Israel said Arafat was not the target of the missile attack. ``We have stated publicly that we do not intend to harm him personally,'' said a Sharon adviser, Danny Ayalon. ``But since he is responsible for the wave of terrorism which has been going on, we had to hit something close to him personally.''
The Israeli reprisals have effectively confined Arafat to Ramallah. Israeli missiles have destroyed Arafat's three helicopters, and army bulldozers have torn up the landing strip at Gaza International Airport. Arafat cannot travel by land since Israeli troops have been encircling all Palestinian towns, barring residents from entering or leaving. Israeli officials said they want to force Arafat to remain in place to deal with the crisis, noting that in the past he often slipped away for world travel at a time when he should be attending to burning issues at home.
After a stormy overnight meeting, the Israeli Cabinet decided early Tuesday to declare Arafat's government a supporter of terrorism. Sharon aides said the declaration was intended to step up pressure on Arafat, but should not be seen as the opening signal in an all-out campaign to topple the Palestinian Authority.
The government also singled out two organizations affiliated with the Palestinian leader and blamed for the deaths of scores of Israelis — the Tanzim militia and Force 17, a branch of the Palestinian security forces. Three Force 17 buildings, two in Gaza and one in the West Bank, were among the offices hit by Israeli missiles Tuesday.
The decision prompted ministers from the moderate Labor Party to walk out of the Cabinet meeting in protest, and some Labor leaders hinted the party might quit the coalition government. Labor's parliament members were to discuss the party's fate in a special meeting Wednesday.
The Maariv daily wrote in an editorial that Sharon should have allowed Arafat a few days' grace ``to prove he's serious this time .. because this time he may understand he has no room for maneuver left.''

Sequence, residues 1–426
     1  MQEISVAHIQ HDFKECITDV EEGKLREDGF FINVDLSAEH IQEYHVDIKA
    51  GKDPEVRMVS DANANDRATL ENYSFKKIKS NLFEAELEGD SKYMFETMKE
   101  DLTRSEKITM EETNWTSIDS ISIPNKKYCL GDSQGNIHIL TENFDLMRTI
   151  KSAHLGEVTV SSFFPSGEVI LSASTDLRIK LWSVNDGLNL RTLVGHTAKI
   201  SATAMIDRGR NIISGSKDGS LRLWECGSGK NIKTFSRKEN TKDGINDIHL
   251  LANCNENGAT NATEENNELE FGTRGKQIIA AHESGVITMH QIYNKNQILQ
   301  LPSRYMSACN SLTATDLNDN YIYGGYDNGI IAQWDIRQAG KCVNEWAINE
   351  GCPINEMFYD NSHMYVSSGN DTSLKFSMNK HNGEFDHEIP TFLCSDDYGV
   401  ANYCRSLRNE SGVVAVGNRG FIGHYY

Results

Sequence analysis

Arafat adviser Nabil Abu Rdeneh said Israel's airstrikes were ``a real declaration of war on the Palestinian people and its leadership and President Arafat in particular.'' Abu Rdeneh called on the United States to step in and prevent further Israeli strikes.
However, for now Washington has given Sharon its implicit backing, saying Israel had the right to defend itself.
In another show of solidarity with Israel, the Bush administration on Tuesday froze the financial assets of organizations linked to Hamas. ``The net is closing'' around those who support terrorists around the world, Bush said in the White House Rose Garden. ``Today it just got tighter.''
Sharon adviser Raanan Gissin praised the decision. ``It's cutting off the umbilical cord of terrorist groups, it's going to reduce their ability to act,'' he said.
A Hamas leader in the West Bank town of Nablus, Teissir Imran, denied Hamas was receiving outside funding. ``Hamas doesn't take money from any institution in the world. Hamas is funded by the Palestinian people here, not by foundations based in America or anywhere else in the world.''
Since fighting broke out in September 2000, 231 people have been killed on the Israeli side and 794 on the Palestinian side.
Source: Associated Press